Tuesday, August 18, 2015

The Mixed Signals Our Symbols Send

Over the past few months I’ve had the opportunity to think about some of our symbols, and what they say about us. About how we see them and how others see them. About what we think they say about us and what others think they say about us. About the message we think they send and about the message that others think they send.

So with that in mind, I want to talk about a symbol that is beloved by millions, but causes hard feelings among a small minority of people in this country.

It’s the cross.

Yes…the cross. Be it a plain, empty, Protestant cross or a fully-loaded Catholic crucifix.

To Christians, the cross is a symbol of love. A symbol of God’s love that he would be willing to come down to earth, live among us, and die one of the most painful deaths imaginable for our sakes.

But to many Jews, it’s a symbol of hate. It’s a sign of a religion which was responsible for a lot of anti-Semitism. For many in the LGBT community, it’s the symbol of a religion which is responsible for a lot of hatred against them as well. And for many who are non-religious, it’s the symbol of a group of people who are arrogant, ignorant, small-minded, mean-spirited, and want to force everyone to live by their rules.

So which is it?

Technically speaking, the cross in its Christian usage is supposed to be a symbol of love. But it’s undeniable that over the past 2000 years, Christians have not been entirely loving of others. It’s true that we’ve been responsible for some pretty horrible things and that the writings of some Christians have been used to justify some pretty horrible things. So which is it, a symbol of love or a symbol of hate? More to the point, is it intrinsically a symbol of hate, or has it unfortunately been hijacked and turned into one by people who didn’t quite grasp its true meaning?

When those of us who are practicing Christians say that the cross is a symbol of love, and not of hatred, are we supposed to expect those who have suffered at the hands of people who carried it to buy it?


All of which brings me to the symbol you probably thought I was going to talk about in the first place…the Confederate Flag…or more precisely, the Confederate Battle Flag.

There are those who say that it’s about “heritage, not hatred,” and that it represents their part of the country. There are others who point to the founding documents of the Confederacy and the reasons behind the designs of the first flags as undeniable evidence that the Confederacy was founded on racist principles, and to preserve slavery in the South.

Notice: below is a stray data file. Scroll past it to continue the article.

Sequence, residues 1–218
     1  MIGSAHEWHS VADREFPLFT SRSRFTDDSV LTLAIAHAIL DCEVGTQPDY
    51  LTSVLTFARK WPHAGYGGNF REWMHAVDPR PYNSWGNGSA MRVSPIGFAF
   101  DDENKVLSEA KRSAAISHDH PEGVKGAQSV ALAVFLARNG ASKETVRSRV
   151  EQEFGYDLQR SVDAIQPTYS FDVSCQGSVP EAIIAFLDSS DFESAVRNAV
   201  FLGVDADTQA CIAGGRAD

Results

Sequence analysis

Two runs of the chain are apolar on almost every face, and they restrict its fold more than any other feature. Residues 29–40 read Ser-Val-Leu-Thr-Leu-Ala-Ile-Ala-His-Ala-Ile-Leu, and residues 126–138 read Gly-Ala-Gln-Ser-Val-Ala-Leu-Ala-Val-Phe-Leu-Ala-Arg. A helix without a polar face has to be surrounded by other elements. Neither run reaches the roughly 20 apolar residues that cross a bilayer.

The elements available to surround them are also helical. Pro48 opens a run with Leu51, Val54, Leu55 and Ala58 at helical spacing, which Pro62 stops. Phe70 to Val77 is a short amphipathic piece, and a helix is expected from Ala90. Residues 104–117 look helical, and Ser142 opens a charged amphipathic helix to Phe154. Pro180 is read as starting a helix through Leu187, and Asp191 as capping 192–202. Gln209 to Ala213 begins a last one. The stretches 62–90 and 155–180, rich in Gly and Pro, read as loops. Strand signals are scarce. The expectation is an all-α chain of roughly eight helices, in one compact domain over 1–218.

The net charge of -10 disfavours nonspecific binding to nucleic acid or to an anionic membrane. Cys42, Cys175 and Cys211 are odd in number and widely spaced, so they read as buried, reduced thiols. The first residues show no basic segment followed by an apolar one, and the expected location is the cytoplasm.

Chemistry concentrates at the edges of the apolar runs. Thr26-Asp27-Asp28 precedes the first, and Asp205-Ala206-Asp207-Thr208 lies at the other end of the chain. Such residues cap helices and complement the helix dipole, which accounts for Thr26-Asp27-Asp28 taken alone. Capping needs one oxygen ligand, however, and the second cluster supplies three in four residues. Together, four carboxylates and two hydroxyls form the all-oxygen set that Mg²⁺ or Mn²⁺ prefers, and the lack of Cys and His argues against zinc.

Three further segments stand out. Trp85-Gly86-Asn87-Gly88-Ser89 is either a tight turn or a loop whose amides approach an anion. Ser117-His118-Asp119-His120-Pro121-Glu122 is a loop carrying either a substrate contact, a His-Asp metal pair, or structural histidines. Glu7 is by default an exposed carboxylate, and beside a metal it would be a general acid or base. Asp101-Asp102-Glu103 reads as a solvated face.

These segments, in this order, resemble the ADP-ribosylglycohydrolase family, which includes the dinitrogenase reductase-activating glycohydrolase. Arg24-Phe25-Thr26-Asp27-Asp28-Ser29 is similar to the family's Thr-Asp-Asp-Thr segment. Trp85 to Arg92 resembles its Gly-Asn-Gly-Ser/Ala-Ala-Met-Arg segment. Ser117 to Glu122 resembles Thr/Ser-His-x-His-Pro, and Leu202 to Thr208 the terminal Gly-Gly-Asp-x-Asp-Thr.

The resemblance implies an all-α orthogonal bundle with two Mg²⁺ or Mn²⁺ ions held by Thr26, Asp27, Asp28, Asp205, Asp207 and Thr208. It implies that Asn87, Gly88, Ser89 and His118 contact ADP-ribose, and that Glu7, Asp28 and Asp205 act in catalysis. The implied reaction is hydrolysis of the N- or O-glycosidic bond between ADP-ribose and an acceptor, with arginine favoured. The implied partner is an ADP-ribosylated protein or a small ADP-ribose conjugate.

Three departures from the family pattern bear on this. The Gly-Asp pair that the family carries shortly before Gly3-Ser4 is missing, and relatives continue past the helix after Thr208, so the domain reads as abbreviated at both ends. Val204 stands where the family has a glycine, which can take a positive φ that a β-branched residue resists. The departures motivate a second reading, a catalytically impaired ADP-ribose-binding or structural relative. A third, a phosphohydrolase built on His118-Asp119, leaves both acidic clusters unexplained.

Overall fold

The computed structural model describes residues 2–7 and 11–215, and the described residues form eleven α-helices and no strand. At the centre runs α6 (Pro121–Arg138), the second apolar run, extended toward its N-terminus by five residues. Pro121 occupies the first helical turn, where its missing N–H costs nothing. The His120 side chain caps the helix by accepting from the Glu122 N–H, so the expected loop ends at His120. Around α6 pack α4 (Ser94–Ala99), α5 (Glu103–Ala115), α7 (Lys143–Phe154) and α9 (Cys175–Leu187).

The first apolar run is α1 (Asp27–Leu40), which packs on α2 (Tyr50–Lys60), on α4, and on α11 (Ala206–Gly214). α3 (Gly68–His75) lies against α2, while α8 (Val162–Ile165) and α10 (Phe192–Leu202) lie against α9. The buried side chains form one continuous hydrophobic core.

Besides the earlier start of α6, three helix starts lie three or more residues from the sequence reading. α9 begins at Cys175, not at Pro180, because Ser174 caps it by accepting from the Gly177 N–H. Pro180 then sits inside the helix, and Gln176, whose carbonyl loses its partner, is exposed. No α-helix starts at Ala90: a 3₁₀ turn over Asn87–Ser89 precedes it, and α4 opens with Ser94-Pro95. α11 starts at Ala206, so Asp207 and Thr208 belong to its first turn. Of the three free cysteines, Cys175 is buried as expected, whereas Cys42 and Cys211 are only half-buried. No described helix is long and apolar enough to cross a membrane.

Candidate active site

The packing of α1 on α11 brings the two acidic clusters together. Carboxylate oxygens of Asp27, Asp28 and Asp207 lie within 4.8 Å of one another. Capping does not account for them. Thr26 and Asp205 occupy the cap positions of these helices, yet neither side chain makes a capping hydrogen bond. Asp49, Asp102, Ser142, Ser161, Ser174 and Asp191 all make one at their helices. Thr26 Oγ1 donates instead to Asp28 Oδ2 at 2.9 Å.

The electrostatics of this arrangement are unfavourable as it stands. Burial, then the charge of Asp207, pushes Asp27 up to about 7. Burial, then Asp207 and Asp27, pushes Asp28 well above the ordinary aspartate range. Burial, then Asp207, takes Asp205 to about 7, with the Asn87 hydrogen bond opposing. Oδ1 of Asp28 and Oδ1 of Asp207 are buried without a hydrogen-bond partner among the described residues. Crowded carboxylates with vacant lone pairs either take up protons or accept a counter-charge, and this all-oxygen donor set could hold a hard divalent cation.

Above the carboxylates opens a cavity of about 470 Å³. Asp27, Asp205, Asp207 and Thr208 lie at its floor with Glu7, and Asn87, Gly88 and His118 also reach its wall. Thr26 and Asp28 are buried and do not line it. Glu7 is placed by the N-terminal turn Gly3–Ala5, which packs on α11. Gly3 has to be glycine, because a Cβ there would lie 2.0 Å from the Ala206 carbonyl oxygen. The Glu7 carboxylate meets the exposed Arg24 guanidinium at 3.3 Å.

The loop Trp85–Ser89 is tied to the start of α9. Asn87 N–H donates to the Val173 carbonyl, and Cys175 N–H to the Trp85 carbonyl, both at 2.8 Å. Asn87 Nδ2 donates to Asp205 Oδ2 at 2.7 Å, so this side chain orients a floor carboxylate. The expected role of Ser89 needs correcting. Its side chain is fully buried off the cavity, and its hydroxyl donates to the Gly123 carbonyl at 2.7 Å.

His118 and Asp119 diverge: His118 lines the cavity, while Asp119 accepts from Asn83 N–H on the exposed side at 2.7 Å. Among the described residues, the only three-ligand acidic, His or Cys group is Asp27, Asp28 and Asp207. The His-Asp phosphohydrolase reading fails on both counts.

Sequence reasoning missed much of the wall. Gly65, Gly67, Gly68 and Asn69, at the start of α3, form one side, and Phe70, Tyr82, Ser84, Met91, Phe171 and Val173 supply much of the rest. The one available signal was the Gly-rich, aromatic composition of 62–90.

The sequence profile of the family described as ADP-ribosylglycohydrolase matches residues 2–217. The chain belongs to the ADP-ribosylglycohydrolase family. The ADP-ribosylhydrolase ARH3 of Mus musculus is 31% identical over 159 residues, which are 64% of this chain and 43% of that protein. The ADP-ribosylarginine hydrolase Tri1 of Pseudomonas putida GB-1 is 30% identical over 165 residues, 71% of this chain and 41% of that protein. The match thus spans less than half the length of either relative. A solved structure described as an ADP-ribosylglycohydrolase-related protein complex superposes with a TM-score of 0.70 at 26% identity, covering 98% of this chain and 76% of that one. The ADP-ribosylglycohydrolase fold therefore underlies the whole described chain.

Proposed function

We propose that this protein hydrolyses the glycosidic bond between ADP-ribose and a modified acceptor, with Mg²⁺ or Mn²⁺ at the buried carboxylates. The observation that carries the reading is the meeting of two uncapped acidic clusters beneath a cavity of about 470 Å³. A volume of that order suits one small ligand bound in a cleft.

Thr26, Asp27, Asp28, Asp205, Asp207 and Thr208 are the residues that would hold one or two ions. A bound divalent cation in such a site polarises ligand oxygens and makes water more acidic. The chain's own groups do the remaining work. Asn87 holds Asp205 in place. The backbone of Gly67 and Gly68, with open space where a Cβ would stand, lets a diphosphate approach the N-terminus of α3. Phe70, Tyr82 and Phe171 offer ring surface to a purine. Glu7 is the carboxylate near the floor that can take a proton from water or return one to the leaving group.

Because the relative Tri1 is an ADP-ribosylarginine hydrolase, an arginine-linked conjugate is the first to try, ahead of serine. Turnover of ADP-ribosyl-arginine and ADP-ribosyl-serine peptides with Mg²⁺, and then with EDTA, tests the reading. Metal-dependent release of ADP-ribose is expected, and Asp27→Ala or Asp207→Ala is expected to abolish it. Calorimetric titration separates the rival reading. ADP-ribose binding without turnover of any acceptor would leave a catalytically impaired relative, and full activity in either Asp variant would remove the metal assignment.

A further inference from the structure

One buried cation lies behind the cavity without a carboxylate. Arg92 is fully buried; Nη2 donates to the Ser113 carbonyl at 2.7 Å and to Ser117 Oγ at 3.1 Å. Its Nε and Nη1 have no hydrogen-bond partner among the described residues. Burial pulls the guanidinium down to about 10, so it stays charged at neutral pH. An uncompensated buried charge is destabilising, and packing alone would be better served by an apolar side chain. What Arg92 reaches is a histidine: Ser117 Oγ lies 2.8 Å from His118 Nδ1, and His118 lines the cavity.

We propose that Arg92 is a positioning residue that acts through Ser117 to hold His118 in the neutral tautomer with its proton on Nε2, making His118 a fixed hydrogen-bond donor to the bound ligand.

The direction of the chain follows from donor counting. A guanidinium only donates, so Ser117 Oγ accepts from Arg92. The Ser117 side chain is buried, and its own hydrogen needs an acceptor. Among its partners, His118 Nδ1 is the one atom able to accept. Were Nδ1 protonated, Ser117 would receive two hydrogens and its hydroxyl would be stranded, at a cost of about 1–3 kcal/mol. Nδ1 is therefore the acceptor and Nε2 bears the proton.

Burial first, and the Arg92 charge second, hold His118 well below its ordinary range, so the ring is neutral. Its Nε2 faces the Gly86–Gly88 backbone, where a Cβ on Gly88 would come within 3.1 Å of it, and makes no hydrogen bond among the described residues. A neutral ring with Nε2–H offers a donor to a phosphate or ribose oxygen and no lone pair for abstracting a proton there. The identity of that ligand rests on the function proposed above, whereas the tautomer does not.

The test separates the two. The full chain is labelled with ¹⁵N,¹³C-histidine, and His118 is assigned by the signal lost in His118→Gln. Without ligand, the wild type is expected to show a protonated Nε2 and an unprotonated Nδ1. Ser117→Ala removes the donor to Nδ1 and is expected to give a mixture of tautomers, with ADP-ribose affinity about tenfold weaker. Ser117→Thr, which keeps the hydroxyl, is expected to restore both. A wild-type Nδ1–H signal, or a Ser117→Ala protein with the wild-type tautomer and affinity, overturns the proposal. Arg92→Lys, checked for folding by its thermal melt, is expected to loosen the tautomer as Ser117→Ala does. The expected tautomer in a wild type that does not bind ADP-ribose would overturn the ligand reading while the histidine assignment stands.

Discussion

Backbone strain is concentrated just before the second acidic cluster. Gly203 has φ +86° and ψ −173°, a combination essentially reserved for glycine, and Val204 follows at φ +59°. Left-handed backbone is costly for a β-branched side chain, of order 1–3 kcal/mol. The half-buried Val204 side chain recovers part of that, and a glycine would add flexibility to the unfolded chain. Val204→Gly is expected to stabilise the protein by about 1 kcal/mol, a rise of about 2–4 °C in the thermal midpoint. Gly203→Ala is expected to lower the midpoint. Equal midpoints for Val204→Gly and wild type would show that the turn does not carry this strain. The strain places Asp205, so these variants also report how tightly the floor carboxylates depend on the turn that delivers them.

And yet…there are others who point out that fewer than 10% of Southerners owned slaves, and that the average person wearing a gray uniform was fighting to protect their land, and to prevent the Yankees from telling them what to do.

Is it possible that the average Southern farm boy who put on a gray uniform had no idea what was going on at the highest political levels, and didn’t know the totally racist agenda behind secession? And is it possible that most Southerners have never heard of those documents or what’s in them?


And…if they don’t know what’s in those documents, then can they legitimately say that to them it’s about “heritage, not hatred”, without needing a stiff laxative…despite what historians say?


And yet…as with the cross…should they expect those who have suffered at the hands of people bearing that flag to buy it…especially when they know its history?

I’ll let you think about that.

1 comment:

  1. As usual, well stated. What any given symbol, sometimes even a word means to YOU is not invalidated by what it has since come to mean to society. That doesn't mean that your choice to wear/fly/yell about it is not offensive to those to whom it means something different. Especially if empirical date supports that the offended have been legitimately wronged. It is still your right to say/use/fly it...but you have no right to make me like it, and no right to prevent me from pointing out its flaws.
    (PS...relevant to the CBF, may or may not be relevant to the cross...since when do the losers get to fly their flag over the battlefield? They get to be in the history books, for sure...but I'm pretty sure the winners get the flagpoles.)